Almost 50% of the compounds in the shake could eventually be detected in the blood of participants, and researchers were able to divide the participants into two major groups based on how quickly the molecules in their blood changed, with one group responding more quickly to the shake than the other. Participants with known insulin resistance were more likely to fall into the “fast responder” group.
Some participants also had an inflammatory reaction, with molecules involved in their immune response peaking about 30 minutes after consuming the shake.
“The ultimate goal of doing these detailed profiles is to give people information,” Snyder says. “If you learn you’re having an immune response to a particular food, you might be quite motivated to change your diet.”
98 finger sticks in a week
In the second experiment, the researchers took molecular monitoring a step further, by sampling Snyder’s blood every one to two hours while he was awake for a week.
“After 98 samples, I’ll admit my fingers were pretty sore.” He also wore four different smart watches and a continuous glucose monitor to track his heart rate, activity level, sleep, and food intake.
By the end of the week, the research team had made a total of 214,661 biochemical measurements, including levels of proteins, fats, and hormones like cortisol, which they compared with physiologic data from the wearable sensors.
In addition to discovering many molecules that exhibited previously unidentified 24-hour rhythms (meaning that certain molecules follow a daily, cyclic ebb and flow), the researchers observed that glucose and cortisol levels varied extensively throughout the day, contrary to what they’d expected.
“Textbooks describe how these molecules are supposed to behave,” Snyder says. For example, cortisol is expected to be high in the morning and drop during the day. But when the researchers analyzed the data, they found this was true for Snyder on some days but not others, highlighting the importance of frequent sampling.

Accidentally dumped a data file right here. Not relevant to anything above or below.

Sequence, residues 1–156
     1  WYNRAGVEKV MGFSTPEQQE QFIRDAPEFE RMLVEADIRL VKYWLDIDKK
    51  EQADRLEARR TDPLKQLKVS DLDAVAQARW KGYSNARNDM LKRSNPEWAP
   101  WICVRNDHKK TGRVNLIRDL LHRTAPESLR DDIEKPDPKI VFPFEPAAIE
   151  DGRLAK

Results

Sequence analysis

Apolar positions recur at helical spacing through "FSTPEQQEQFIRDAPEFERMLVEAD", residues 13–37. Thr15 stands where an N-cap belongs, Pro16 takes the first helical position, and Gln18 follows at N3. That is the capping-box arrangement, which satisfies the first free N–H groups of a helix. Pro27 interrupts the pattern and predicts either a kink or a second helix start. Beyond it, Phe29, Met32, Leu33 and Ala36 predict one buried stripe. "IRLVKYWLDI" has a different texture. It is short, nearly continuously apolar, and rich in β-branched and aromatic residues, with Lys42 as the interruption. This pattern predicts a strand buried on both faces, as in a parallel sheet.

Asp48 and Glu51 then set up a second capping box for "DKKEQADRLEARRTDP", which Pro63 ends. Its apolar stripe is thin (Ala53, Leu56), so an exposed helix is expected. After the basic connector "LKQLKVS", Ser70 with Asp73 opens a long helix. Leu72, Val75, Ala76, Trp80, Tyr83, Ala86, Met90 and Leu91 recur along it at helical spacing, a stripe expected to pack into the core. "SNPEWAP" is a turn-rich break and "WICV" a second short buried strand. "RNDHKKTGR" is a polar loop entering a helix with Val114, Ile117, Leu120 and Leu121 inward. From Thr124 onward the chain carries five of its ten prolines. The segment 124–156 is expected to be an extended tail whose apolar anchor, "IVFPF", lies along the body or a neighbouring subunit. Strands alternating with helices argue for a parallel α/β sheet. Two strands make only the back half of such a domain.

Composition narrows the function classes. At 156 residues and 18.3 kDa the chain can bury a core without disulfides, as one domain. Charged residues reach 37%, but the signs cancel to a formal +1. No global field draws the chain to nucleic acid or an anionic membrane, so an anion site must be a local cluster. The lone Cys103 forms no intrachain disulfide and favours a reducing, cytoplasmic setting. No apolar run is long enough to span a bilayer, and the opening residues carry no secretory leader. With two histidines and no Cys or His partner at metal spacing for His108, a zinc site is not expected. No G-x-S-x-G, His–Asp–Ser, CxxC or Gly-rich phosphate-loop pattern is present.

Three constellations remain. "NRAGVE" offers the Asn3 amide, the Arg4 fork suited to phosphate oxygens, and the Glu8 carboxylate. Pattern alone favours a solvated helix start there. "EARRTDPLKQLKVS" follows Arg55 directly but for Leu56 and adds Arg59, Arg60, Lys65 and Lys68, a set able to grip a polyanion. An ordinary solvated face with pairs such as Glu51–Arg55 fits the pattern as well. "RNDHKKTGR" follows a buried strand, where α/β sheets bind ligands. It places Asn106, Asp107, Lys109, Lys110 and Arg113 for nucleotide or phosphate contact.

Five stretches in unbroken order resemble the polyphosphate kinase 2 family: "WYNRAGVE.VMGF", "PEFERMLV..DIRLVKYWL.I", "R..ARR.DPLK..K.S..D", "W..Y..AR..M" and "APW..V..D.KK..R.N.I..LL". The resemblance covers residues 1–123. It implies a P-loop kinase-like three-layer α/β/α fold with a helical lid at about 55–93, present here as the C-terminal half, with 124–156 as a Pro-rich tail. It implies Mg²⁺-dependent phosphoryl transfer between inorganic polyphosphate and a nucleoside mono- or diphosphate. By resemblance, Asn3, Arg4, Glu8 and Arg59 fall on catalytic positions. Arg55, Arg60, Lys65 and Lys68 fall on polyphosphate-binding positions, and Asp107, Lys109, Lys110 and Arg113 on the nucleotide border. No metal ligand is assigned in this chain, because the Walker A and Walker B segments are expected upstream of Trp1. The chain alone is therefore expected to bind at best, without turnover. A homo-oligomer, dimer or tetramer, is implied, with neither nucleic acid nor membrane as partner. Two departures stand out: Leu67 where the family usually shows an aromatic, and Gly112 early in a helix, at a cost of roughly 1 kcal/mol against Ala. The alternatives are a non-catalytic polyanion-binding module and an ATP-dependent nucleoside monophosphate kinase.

Individualized molecular profiles
Because this data represents the molecules of a single participant, it can’t be used to draw conclusions about anyone else. But according to Snyder, that’s one of the important take-aways from this research: Individuals have diverse molecular profiles that may change based on their personalized behavior patterns.
“The most exciting thing about microsampling is the ability to collect denser time points and more comprehensive data,” Kellogg says. “With traditional venipuncture, your doctor gets a sample every six months, or maybe even every few years. There’s a lot of biology happening between those samples.”
Midway through the week, for instance, the multi-omics monitoring picked up an immune event, of which Snyder himself was unaware—he suspects it was his body fighting off an infection. Snyder was also able to track his own personal metabolism of salicylic acid (a byproduct of the baby aspirin he takes each morning), suggesting that multi-omics microsampling can be useful for tracking an individual’s response to a drug.
At-home blood testing
The next step for the Snyder lab will be to expand the pilot studies and offer multi-omic microsampling to a broader swath of patients.
“Several ongoing projects are evaluating if this method can be used for early disease detection,” says Shen, who was in charge of data analysis for the project. “Through longitudinal monitoring, we’re very hopeful this can be used for diagnosis.” In addition, Kellogg has founded a startup that uses multi-omic microsampling to better define the molecular effects of long COVID and develop new diagnostics.
Snyder envisions a future in which healthy people would perform multi-omic microsampling at home at regular intervals every month, every week, or maybe even once a day—to get a sense of their personal molecular fingerprint. Subtle changes in that fingerprint could signal the onset of disease long before an abnormality would be picked up by standard lab tests.
“The bottom line,” Snyder says, “is that we can get a really deep profile of a person’s metabolic and immune health, all through the convenience of a home test.”
He adds that many people experience a “white coat effect,” which sends their heart rate and blood pressure skyrocketing the moment they step into a health care setting. “That’s going to change your physiology and affect the results. You’re better off doing as much of this as possible from home.”
The National Institute of Health funded the work.
Source: Hadley Leggett for Stanford University